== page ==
“To the Public: Please Protect and Preserve These New Plantings” (from “One-Way Street,” Selected Writings, vol. 1, 449)
What is “solved”? Do not all the questions of our lives, as we live, remain behind us like foliage obstructing our view? To uproot this foliage, even to thin it out, does not occur to us. We stride on, leave it behind, and from a distance it is indeed open to view, but indistinct, shadowy, and all the more enigmatically entangled.
Commentary and translation stand in the same relation to the text as style and mimesis to nature: the same phenomenon considered from different aspects. On the tree of the sacred text, both are only the eternally rustling leaves; on that of the profane, the seasonally falling fruits.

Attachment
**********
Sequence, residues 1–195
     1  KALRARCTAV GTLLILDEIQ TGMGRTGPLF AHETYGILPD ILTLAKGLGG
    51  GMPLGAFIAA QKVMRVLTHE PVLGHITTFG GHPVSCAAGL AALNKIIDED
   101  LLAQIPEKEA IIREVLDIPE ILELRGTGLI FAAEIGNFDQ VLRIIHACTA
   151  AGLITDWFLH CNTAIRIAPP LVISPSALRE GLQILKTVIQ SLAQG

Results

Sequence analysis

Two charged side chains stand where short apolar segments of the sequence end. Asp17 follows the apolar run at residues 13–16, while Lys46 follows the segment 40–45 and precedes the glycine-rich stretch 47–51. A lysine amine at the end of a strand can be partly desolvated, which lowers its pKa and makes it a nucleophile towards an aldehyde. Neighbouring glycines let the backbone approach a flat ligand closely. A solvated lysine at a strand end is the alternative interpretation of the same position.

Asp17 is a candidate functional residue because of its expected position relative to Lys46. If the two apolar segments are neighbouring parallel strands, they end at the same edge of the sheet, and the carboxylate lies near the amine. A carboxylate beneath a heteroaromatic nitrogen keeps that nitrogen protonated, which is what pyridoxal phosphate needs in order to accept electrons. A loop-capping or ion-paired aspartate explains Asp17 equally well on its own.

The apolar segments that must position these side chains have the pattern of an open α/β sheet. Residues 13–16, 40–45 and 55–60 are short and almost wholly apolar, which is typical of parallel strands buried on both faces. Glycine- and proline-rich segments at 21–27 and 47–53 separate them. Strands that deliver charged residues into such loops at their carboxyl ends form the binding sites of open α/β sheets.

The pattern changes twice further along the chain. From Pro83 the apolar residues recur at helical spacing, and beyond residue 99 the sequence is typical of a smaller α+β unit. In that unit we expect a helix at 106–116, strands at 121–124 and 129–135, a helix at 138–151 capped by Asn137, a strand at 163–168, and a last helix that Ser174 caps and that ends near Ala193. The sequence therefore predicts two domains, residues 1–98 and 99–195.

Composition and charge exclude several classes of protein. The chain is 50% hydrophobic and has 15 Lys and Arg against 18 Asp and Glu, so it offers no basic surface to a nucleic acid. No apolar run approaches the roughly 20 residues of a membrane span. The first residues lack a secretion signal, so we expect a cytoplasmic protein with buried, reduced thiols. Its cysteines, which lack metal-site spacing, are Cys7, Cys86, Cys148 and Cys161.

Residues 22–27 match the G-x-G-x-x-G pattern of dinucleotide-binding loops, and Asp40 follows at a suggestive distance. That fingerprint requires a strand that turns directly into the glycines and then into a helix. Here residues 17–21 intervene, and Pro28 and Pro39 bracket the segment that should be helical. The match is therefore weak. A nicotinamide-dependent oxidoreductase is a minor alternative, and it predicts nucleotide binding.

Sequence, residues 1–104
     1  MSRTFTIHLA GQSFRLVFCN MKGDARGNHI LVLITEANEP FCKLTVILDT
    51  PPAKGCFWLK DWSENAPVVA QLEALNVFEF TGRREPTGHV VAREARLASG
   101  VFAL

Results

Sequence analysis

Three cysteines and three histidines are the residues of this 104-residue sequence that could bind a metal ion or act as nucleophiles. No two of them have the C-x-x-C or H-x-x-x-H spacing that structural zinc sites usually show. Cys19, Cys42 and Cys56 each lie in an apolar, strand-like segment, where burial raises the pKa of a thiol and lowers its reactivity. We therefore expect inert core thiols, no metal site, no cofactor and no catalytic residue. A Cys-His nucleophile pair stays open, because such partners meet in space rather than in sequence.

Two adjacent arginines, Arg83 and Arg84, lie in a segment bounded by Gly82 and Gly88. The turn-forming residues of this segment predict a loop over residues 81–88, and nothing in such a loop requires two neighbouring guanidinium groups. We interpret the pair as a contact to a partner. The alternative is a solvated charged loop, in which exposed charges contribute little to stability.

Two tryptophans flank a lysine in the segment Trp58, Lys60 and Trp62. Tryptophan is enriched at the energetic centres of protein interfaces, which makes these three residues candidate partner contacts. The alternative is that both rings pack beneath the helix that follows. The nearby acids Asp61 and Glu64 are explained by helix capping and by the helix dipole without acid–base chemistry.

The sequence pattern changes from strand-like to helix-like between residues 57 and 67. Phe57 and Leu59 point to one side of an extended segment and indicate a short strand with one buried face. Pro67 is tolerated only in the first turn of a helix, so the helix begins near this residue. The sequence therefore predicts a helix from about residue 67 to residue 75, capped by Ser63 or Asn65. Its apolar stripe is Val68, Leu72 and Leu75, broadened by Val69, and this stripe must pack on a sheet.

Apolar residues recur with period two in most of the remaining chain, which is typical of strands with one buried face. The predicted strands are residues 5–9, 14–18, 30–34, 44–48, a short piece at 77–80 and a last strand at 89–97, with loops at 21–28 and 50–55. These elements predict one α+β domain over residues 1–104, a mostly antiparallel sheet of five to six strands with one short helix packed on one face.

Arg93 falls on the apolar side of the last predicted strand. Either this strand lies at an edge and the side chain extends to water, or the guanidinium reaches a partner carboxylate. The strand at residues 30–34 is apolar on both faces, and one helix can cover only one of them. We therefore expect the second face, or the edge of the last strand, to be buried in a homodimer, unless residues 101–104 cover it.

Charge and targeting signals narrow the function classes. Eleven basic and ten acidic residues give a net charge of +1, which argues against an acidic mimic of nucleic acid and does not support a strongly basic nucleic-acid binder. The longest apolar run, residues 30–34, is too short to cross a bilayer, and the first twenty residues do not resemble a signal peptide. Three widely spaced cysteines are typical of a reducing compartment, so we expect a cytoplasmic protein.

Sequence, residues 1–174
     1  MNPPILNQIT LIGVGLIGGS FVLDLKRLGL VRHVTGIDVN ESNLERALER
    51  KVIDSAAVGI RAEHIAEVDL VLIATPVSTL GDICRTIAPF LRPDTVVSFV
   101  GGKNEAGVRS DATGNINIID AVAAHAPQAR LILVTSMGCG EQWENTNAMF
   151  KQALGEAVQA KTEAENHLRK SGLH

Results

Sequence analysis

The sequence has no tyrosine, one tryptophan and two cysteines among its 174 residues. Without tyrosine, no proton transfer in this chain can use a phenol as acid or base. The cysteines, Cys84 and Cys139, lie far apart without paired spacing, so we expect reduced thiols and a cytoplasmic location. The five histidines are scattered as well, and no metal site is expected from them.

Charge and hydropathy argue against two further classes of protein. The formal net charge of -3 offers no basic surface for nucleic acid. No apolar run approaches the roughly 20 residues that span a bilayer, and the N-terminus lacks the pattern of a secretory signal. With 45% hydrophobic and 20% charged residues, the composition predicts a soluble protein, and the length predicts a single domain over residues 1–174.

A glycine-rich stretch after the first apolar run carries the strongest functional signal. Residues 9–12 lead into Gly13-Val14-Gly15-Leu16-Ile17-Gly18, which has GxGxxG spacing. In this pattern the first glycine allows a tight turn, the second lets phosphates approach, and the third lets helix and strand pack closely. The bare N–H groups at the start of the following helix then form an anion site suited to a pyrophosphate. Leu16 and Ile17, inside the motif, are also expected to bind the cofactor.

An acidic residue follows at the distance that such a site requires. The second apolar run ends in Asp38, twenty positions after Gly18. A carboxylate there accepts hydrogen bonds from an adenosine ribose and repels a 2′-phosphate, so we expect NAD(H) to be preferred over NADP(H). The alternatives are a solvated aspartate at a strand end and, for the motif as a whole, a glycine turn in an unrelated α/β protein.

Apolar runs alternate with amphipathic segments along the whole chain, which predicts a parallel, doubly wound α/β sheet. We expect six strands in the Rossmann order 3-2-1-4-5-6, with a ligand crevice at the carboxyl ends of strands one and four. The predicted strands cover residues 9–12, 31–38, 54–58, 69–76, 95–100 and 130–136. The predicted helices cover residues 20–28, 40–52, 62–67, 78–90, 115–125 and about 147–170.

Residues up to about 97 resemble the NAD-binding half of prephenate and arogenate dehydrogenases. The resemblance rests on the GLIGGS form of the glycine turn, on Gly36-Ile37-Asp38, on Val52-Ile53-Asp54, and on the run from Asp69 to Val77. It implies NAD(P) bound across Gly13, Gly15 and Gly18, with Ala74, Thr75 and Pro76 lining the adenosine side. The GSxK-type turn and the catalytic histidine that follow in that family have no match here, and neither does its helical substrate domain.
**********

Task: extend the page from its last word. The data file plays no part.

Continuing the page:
He who loves is attached not only to the “faults” of the beloved, not only to the whims and weaknesses of a woman. Wrinkles in the face, moles, shabby clothing, and a lopsided walk bind him more lastingly and relentlessly than any beauty. This has long been known. And why? If the theory is correct that feeling is not located in the head, that we sentiently experience a window, a cloud, a tree not in our brains but rather in the place where we see it, then we are, in looking at our beloved, too, outside ourselves. But in a torment of tension and ravishment. Our feeling, dazzled, flutters like a flock of birds in the woman’s radiance. And as birds seek refuge in the leafy recesses of a tree, feelings escape into the shaded wrinkles, the awkward movements and inconspicuous blemishes of the body we love, where they can lie low, in safety. And no passer-by would guess that it is just here, in what is defective and censurable, that the fleeting darts of adoration nestle.
NB: One of Benjamin’s ambitions was to write – or rather curate – a magnum opus consisting entirely of citations.